Urban Design Jury: Martha Lampkin Welborne, FAIA — Managing Director, Grand Avenue Committee (Los Angeles); M. David Lee, FAIA — Vice President, Stull and Lee (Boston); Thomas Fisher, Assoc. AIA — Dean & Professor, College of Design, University of Minnesota (Minneapolis)
Sustainable Design Jury: Craig A. Curtis, Assoc. AIA — Partner, The Miller Hull Partnership (Seattle); Stephen J. Kieran, FAIA — Principal, Kieran Timberlake Associates (Philadelphia); Meredith Elbaum, AIA, LEED AP — Director of Sustainable Design, Sasaki Associates (Watertown, MA)
Educational Facility Design Jury: Jane H. Weinzapfel, FAIA — Principal, Leers Weinzapfel Associates Architects (Boston); John Weekes, AIA — Principal, Dull Olson Weekes Architects (DOWA) (Portland, OR); John Comazzi — W+C Willkins + Comazzi (Ann Arbor)
Organizers: AIANY; Boston Society of Architects

2008 marks the first AIA New York Chapter Building Type Design Awards (BTA), hosted by AIANY and co-sponsored by the Boston Society of Architects (BSA). The program recognizes excellence and innovation in the design of selected building types and design-related disciplines, and to honor their architects, clients, and consultants. This year’s awards are for Urban Design, Sustainable Design, and Educational Facility Design. 2009 will feature Health and Housing Facilities.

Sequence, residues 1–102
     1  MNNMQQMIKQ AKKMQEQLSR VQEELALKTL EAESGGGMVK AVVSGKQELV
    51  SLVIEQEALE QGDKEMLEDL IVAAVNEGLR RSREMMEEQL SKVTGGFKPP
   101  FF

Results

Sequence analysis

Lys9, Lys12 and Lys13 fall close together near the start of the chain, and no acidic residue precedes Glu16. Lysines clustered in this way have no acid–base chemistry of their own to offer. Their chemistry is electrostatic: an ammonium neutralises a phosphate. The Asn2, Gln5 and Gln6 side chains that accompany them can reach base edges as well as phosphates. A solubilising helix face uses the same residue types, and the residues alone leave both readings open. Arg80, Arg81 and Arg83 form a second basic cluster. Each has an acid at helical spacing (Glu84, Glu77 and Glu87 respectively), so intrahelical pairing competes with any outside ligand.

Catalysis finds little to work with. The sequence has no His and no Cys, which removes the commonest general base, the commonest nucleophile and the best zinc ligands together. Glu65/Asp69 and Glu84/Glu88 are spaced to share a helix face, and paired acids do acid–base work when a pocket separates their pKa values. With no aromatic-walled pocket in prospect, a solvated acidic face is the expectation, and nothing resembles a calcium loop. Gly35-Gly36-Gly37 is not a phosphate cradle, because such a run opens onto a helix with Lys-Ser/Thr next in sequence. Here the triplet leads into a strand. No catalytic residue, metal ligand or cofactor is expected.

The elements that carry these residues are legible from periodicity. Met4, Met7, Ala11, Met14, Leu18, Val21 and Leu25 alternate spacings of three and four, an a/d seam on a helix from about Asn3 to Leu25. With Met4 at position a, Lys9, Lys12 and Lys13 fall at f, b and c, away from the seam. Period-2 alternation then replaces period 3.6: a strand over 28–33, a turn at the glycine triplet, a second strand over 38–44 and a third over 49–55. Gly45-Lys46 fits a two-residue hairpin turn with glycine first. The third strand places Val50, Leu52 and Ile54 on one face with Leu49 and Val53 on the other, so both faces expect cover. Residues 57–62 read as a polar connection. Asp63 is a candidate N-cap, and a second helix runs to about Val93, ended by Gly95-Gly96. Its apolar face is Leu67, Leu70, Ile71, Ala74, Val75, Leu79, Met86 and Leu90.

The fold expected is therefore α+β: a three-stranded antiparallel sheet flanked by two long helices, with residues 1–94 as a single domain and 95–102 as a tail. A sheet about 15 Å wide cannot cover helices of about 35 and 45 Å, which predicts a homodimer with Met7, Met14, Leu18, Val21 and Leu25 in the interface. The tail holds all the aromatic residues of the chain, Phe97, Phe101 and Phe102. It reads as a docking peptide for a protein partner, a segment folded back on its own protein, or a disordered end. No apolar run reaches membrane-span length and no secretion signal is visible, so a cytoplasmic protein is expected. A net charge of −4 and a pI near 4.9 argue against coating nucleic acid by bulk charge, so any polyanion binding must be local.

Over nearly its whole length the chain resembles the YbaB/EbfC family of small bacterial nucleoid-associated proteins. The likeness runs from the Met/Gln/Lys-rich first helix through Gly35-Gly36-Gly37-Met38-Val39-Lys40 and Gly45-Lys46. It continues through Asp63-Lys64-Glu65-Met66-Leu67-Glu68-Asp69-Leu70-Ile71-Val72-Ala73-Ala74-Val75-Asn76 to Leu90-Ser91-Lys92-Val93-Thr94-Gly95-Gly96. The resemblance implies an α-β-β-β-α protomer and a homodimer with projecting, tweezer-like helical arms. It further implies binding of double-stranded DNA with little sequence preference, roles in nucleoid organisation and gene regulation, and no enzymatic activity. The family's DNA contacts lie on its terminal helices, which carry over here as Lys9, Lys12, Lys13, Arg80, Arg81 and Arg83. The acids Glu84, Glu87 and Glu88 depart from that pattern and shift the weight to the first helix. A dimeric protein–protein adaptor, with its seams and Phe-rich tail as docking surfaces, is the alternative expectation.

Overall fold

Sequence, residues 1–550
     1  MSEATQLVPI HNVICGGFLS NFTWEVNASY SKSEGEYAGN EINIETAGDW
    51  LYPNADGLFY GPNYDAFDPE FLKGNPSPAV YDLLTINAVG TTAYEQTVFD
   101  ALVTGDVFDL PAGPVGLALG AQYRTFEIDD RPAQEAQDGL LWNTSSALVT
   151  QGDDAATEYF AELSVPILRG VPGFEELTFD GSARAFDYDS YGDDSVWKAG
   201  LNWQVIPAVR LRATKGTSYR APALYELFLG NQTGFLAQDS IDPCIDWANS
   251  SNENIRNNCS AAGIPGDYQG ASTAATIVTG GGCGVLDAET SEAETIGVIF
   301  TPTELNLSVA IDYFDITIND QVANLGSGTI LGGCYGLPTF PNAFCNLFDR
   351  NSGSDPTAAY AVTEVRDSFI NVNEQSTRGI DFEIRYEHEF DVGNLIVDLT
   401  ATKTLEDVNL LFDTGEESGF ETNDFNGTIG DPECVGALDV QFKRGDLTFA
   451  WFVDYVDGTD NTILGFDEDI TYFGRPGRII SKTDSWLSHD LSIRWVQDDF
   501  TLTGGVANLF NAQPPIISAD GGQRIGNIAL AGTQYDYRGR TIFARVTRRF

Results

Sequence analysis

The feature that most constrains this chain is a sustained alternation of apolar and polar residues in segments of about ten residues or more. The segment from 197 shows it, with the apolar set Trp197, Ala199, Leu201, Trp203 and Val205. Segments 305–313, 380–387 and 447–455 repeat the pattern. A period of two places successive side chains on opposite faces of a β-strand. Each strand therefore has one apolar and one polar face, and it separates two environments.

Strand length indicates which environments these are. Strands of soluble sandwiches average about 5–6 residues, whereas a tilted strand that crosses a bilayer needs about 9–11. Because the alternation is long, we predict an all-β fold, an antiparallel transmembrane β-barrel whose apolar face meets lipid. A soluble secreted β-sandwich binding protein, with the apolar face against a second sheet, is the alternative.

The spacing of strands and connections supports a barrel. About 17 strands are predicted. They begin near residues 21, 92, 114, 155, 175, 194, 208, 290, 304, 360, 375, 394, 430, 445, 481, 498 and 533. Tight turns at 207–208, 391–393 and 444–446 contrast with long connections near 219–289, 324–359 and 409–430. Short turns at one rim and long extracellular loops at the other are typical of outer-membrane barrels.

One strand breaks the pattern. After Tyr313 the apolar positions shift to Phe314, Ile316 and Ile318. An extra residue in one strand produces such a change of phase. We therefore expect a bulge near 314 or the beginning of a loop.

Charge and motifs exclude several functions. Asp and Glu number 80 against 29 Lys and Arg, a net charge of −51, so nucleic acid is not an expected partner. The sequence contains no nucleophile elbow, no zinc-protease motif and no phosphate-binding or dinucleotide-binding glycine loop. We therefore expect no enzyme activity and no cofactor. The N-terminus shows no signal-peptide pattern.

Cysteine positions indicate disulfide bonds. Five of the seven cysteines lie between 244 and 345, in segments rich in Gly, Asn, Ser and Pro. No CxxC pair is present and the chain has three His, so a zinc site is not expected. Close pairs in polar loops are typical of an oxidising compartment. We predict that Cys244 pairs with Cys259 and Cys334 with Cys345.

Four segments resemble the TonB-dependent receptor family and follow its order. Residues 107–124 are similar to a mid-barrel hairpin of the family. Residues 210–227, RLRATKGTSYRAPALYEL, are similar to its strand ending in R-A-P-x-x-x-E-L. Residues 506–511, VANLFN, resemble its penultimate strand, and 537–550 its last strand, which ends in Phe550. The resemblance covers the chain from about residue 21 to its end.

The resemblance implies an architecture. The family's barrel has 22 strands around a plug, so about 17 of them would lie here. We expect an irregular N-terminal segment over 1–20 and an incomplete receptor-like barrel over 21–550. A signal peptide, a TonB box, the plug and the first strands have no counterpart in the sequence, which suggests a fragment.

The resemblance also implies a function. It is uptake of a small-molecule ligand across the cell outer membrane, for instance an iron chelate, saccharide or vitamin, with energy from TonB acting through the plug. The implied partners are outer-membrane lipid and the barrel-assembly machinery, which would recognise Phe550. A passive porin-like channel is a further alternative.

For a full list of winning entries, go to the Names in the News section.

Urban Design: 1+1 = 3

The BTA program for urban design is slated to advance the discussion about design in the city. Creative approaches will tackle the challenges and opportunities in cities facing diminished resources.

The jury stressed that small scale can play a big role in the urban fabric, and that the design of cities does not have to be about big gestures. Honor Awards went to a pair of designs that carve meaningful public space and make key urban connections out of marginal opportunities. At 55 Water Street Plaza, Rogers Marvel Architects addressed the increasingly common problem of creating successful public space on urban rooftops. This project not only created a vital new public space out of a barren and underutilized elevated plaza, but also used architecture to ensure visibility and accessibility.

Zakrzewski + Hyde Architects’ ambitious Hudson Square RISE (which also won a 2008 AIANY Project Design Merit Award), exploited the rooftop of a NYC maintenance garage to create new open space, a mix of residential and institutional development, and pedestrian connections to Hudson River Park.

The jury also gave a Merit Award to the Long Island Rail Road East Side Access and 50th Street Ventilation Facility, designed by DMJM Harris as a sub-consultant to the joint venture group of PB, STV, and Parsons Transportation Group. The project shows how to sensitively integrate monumental infrastructure into the city and introduce new neighborhood-scaled public spaces.